Many students complain about getting stuck at junctures of scales, or in the midst of passagework in a variety of pieces. As mentor, having observed these glitches from an objective distance over cyber or through person-to-person contact at my studio, I've concluded that note-to-note "vertical" playing can snatch continuity from the mind down to the… Continue reading Piano Practicing: Phrasing in Groups of notes
A wellspring of inspiration poured forth in a Tweet posted by virtuoso cellist, Steven Isserlis whose vivid musical imagination fuses with his seamless technique. (We share common Oberlin Conservatory "roots" and an insatiable love for J.S.) It was no accident that while unearthing a perfect gem among a collection of Bach Little Preludes, I encountered… Continue reading How Bach should be played is Twitter-framed!
In a May 2018 Living the Classical Life interview, the distinguished pianist, Emanuel Ax admitted that his "brain would be twice its size" had he played more Bach. "It is one of my great regrets that I did not play a lot, a lot, a lot" (three times reiterated) of this composer's music. "And of… Continue reading J.S. Bach and the Brain
One of the prevalent concerns of students, especially adults, surrounds the length of time they've invested in learning a particular composition. For some, an internalized goal of technical/musical "mastery" attaches a self-imposed deadline to completion. Boxed into this self-affixed learning time frame, is the end game of neatly shelving a composition as impetus to move… Continue reading The multi-step process of piano learning: but who’s counting?
For the past year I've devoted many daily hours to the study J.S. Bach's six French Suites while simultaneously keeping pace with my students' passage through diverse repertoire. The decision to take on this additional musical challenge apart from meeting my basic teacher obligations of being present at lessons; knowing the material assigned, and dispensing… Continue reading Our individual musical study grows our piano teaching
I'm the first to admit that not every learning journey through a particular composition will produce results we might have hoped for. After weeks or even months of methodical practicing in baby steps, we can find ourselves literally over a barrel, wading through ornaments, for example, that are crystal clear in slow tempo, but suffer… Continue reading Practicing Challenging Pieces: If we’re over a barrel, we can still learn something valuable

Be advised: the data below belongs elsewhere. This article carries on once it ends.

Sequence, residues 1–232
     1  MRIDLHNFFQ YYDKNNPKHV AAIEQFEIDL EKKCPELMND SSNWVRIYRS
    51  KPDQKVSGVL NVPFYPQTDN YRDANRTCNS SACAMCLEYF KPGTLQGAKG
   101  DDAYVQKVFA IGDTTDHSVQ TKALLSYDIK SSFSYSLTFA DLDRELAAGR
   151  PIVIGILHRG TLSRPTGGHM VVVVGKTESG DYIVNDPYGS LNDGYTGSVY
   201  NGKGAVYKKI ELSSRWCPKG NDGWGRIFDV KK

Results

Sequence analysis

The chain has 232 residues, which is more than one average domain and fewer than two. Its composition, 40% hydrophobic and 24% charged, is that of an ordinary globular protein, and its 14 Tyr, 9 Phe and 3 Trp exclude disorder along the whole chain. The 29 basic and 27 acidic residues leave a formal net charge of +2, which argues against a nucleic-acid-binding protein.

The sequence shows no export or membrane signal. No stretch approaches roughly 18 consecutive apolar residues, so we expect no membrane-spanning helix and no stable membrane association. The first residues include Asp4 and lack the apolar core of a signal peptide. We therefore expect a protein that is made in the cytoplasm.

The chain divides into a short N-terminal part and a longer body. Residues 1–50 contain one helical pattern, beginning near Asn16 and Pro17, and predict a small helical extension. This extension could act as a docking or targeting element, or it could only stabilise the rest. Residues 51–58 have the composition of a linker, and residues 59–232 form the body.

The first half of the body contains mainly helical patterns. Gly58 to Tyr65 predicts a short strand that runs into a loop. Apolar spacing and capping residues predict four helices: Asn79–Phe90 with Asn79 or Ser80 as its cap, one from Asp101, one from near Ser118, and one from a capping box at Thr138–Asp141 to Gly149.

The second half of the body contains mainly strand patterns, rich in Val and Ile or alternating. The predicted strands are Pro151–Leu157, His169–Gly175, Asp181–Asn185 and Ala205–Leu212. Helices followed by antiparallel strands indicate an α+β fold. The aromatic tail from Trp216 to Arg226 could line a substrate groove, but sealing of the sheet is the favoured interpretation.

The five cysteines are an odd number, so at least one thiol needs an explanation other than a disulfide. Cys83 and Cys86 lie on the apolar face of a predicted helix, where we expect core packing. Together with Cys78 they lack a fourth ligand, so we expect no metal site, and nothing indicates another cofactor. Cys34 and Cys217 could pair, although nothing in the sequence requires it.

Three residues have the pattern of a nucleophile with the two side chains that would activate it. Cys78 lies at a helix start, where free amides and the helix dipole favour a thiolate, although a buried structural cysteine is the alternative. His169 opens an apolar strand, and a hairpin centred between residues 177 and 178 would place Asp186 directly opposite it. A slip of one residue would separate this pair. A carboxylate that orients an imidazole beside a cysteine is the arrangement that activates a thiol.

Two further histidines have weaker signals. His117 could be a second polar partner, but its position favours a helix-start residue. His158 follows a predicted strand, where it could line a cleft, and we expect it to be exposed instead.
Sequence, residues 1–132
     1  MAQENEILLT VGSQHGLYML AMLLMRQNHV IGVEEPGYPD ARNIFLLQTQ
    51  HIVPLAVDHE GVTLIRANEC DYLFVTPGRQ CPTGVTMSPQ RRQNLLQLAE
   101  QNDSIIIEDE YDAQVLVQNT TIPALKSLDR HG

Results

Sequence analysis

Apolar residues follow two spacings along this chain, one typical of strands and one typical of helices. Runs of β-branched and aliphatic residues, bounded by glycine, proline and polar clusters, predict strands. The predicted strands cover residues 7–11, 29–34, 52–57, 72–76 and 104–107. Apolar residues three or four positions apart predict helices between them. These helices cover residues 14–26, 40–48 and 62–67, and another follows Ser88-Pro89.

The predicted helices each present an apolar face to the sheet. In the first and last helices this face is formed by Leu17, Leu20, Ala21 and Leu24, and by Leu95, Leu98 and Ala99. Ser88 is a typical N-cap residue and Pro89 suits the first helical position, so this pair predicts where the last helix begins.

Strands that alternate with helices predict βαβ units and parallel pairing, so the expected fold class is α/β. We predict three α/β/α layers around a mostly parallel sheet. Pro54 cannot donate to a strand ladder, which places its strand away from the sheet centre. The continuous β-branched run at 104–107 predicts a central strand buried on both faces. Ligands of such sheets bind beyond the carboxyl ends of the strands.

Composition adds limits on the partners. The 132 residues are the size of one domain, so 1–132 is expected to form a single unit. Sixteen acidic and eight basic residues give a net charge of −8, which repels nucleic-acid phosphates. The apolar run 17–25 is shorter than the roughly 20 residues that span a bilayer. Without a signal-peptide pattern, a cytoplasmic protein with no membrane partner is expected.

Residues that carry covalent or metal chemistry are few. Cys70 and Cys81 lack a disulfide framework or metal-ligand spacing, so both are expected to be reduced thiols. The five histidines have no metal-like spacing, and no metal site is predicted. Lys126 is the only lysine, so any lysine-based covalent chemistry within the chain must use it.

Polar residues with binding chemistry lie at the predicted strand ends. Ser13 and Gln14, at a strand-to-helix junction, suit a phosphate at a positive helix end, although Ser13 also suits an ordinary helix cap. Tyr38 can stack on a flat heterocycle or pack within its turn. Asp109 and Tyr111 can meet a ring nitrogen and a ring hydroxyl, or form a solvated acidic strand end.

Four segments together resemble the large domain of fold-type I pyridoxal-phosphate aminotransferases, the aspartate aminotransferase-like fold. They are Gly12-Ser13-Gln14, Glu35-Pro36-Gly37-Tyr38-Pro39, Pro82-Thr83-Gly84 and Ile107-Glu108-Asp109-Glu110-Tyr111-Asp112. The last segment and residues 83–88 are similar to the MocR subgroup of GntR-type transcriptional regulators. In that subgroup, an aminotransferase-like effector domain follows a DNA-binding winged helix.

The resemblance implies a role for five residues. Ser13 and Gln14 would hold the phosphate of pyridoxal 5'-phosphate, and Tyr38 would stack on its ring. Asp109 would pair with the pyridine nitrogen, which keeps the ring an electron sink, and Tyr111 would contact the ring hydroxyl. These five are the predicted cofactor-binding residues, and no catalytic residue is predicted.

My students know that I say what I do, while they do as I say, with the understanding that we are perhaps interchanging the whole music learning process on an egalitarian basis. Therefore, it's no surprise that I regularly thank them for "teaching" me what I might otherwise have overlooked in my daily practicing. For… Continue reading My early learning efforts (J.S. Bach) under the influence of Peter Feuchtwanger
I couldn't resist juxtaposing the importance of learning new and challenging music with an "eye" toward how we can best accomplish our short and long-term goals within our teaching milieu. (The EYE metaphor becomes CLEARER and dual serving as the posting progresses.) *** So many music teachers have a tight schedule of back-to-back students that… Continue reading Keeping up our skills as piano teachers, with an “eye” to taking on challenges
https://youtu.be/5otIFs_zdok Without doubt, the French Suites and other keyboard works of J.S. Bach require a multi-dimensional learning approach. It's not enough to enter the universe of the great Baroque master with a singular intent to absorb counterpoint, or parcel voices, sing them, juggle them, properly finger each hand, and in some cases divide one voice… Continue reading Exploring modulations, secondary dominants and sequences in a J.S. Bach keyboard learning journey
Jeannette Haien is rarely recognized for her role in Murray Perahia's musical development, though it's clear through her own words, (rekindled posthumously) that she must have had a profound effect on him. (She was Perahia's mentor from age 4 to 18.) Reminiscences I knew Murray as a classmate at the NYC High School of Performing… Continue reading Murray Perahia’s earliest piano teacher and her influence on him